I am creating a work breakdown structure for a project I am on, but my supervisor seems to think it is taking too long. He says I should be able to create a usable document in somewhere between 2-8 hours. However, I've been working on the WBS for several days now and my work only goes as fast as the conversations with the project team members. I feel like I'm being productive but, based on his feedback, I am concerned that I am going into too much detail. How can I get a better sense of the right level of detail, and produce a WBS that provides an understanding of the work without taking too much time to produce?
A good WBS is created in tandem with the people who are accountable for the work packages. A poor WBS is created in isolation. You can create a poor WBS in 2 hours. (I can do it in 1 hour for half the cost, and 10% of the quality).
Up to some limit, the more time you spend on the WBS, the more effective it will be in planning and predicting project closure.
That said, your boss has expressed an unreasonable request. If my boss asked for that, I'd submit three WBS within 5 hours - an optimistic, a pessimistic and a PERT estimate. I'd promise only that the results were within +/- 100% of the most likely value, and I would include a cyclical activity for reification of the resulting project plan narrowing those confidence intervals.
I would also start to plan a campaign to educate my manager on the true value of a WBS - if you develop it fast and cheap it will be a very poor tool for predicting the future. If I couldn't come to agreement with my manager, I'd start circulating my resume.
The complexity of your product the project is creating dictates how the complexity of your WBS. Can you imagine what the WBS of a fighter aircraft looks like? However, one person would not be responsible for building the entire WBS; it would be created by SMEs of the very components being built that create the aircraft when all put together.
Your OP reads as if you are the only one creating it and are slowly and painstakingly interviewing those SMEs as necessary. I cannot opine on an acceptable duration since that varies across projects, industries, etc., but it seems your chosen process is not the most efficient, if my assumption is right.
Once you break down the first couple of levels of your product, you need to charge others to continue decomposition in their respective areas.
Regarding how low you go, there's no one answer fits all solution. You break it down as far as you need to go so you can manage the work and no further. Some would put rules down such as you break down the product and its tasks to the point that its planned duration does not exceed a certain period of time. Those kinds of rules might help you in this case.
That depends on a few different factors. What level of detail the business expects, the complexity of the project, and how fast you yourself do it.
For the first factor, your best bet, I'd say, is to look at a previous WBS from a previous (ideally successfully-completed) project, ideally around the same level of complexity as this project, and see how much detail it went into. While there's always going to be some subjectivity in questions such as 'How much detail should I go into?', precedent is usually a good place to start. If possible, you could also try to find out how long it took to make that previous WBS, to get a benchmark for time as well as detail.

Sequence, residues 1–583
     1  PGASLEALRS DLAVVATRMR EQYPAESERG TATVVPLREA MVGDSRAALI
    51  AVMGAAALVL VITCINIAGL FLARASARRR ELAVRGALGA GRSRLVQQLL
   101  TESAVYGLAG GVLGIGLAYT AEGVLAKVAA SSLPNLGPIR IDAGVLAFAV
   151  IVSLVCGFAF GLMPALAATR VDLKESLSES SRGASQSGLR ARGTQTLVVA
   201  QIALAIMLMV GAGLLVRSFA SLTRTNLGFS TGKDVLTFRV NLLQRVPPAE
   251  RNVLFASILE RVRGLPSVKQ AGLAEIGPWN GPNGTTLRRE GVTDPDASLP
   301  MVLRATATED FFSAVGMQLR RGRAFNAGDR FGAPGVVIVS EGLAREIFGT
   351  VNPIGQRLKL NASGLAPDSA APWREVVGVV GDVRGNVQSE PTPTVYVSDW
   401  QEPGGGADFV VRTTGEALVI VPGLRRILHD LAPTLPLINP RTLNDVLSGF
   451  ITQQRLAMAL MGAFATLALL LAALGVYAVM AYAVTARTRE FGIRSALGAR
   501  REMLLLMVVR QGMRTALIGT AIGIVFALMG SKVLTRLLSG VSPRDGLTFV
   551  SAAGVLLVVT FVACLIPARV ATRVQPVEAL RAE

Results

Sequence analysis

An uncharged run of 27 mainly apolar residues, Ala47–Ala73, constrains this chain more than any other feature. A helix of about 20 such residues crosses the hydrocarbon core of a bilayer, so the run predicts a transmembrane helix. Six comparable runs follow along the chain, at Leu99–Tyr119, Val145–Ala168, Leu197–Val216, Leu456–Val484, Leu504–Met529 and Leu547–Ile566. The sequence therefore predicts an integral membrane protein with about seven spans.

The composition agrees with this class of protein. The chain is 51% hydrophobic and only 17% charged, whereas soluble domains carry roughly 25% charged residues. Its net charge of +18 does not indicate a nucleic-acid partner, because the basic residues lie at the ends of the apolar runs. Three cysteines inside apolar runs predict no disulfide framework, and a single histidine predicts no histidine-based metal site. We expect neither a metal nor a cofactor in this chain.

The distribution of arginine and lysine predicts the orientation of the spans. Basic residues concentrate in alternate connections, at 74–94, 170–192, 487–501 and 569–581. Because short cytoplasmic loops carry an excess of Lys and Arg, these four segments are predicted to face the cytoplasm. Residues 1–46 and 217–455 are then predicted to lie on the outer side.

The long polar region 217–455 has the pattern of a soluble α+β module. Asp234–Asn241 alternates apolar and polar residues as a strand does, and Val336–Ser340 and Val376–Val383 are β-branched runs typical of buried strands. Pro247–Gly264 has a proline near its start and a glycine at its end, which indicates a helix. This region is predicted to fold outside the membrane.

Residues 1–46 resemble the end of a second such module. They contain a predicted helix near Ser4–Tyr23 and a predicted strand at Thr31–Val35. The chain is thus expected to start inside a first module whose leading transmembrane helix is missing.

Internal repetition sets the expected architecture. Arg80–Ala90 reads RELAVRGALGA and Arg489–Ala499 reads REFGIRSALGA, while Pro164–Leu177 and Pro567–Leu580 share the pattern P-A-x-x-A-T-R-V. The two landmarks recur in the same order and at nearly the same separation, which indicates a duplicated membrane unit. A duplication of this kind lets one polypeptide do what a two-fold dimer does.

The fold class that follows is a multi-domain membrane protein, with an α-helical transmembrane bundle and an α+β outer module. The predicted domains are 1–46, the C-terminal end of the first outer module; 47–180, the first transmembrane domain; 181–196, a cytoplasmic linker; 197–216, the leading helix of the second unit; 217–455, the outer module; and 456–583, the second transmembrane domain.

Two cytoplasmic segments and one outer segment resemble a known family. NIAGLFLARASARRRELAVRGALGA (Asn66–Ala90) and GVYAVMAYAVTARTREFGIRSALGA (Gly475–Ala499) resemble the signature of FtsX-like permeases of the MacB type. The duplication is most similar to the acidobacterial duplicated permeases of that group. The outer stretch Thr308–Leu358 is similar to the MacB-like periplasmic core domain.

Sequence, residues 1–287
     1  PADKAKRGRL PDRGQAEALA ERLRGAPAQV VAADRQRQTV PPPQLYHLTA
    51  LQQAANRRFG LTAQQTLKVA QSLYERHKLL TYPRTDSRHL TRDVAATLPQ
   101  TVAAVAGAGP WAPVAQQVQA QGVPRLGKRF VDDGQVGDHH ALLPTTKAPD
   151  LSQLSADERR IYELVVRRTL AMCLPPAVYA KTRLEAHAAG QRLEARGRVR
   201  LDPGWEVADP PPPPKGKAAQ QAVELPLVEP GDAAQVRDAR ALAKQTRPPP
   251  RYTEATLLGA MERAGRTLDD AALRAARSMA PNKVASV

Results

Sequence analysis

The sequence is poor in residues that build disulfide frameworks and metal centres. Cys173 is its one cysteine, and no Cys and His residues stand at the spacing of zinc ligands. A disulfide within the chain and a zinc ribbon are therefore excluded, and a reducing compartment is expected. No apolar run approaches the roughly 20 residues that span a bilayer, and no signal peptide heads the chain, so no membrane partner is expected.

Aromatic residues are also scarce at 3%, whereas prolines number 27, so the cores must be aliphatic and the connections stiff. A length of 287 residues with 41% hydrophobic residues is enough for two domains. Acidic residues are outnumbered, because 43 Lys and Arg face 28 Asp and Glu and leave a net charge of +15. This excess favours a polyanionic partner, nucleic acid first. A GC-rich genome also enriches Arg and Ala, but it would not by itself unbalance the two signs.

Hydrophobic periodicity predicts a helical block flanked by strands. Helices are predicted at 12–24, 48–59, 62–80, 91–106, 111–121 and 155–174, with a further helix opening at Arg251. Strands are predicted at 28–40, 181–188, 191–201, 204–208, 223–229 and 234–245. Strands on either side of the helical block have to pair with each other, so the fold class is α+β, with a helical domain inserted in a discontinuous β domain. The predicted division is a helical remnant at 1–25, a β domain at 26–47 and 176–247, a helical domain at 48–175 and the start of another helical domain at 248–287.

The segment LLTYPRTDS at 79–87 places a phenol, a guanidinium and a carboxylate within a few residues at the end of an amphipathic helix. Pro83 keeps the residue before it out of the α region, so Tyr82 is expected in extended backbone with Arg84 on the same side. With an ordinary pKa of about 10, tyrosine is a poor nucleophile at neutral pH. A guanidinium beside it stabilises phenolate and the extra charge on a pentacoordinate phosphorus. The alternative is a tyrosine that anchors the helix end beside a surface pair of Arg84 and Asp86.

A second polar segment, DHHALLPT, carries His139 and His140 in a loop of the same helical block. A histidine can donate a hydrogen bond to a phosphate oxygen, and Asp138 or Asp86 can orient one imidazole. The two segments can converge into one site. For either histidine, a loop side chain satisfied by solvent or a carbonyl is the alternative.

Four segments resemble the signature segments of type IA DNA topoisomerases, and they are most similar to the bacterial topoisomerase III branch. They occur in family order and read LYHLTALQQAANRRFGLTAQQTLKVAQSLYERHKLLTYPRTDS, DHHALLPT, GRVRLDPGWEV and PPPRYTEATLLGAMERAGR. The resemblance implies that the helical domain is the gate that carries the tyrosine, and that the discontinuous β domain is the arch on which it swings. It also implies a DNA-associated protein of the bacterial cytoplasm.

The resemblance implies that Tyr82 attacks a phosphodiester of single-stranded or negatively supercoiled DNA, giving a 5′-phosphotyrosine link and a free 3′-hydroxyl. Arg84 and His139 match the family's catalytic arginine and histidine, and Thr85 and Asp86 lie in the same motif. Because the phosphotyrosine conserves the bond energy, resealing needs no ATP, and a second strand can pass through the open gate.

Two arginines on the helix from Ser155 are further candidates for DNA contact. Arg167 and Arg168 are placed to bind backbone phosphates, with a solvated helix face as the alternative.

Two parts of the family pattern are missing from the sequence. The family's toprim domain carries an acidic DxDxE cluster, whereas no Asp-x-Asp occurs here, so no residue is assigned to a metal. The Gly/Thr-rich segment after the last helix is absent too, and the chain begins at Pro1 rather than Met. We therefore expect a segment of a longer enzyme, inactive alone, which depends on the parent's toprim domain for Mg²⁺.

Second factor only really matters if you can't find a precedent that's of a comparable complexity. In which case, you'll have to estimate the relative difference in complexity between this project and your precedent, and adjust your benchmark accordingly.
As for how fast you yourself do it, I'm assuming from your question that this is one of your first ones, so it's probably going to take longer. Don't be too distraught if you end up going over by a bit.
this is not a question about project management but about comunication between you and your supervisor. he may not have defined good enough what he expects... he might be looking for high level tasks just to get the management approval before moving on. maybe someone already made some work that you should rely on instead of inventing the wheel. tell your supervisor what you did and what took you so much time and ask him where he thinks you have not been efficient....and if he can guide you the first time... this is if you believe he is a good guy. he might just enjoy abusing you or teasing you...
Ask your supervisor which level of the WBS he want you to operate on. You can definitely spend weeks in this task depending on the level you go.
Just keep in mind that you may not need to go to the very low level of details. If you can isolate nodes that can be assigned to a resource and is not longer than 40h duration you can start work. The further breakdown can happen later, as long as it doesn't compromise the duration and effort.
the quickest and by far the best way to create a 'first-cut' WBS is to get the right people in a room (or online) and jointly develop the WBS. I have done this on a major aircraft project and developed the first-cut WBS in a single afternoon. Populating it is then a different story - a WBS is not just a picture - it is a description of the scope of the project. Populating the WBS properly will take time - weeks at least. Forgot to add - we have a post that describes how to create a WBS - hope this helps. http://www.pmis-consulting.com/how-to-create-a-work-breakdown-structure-wbs/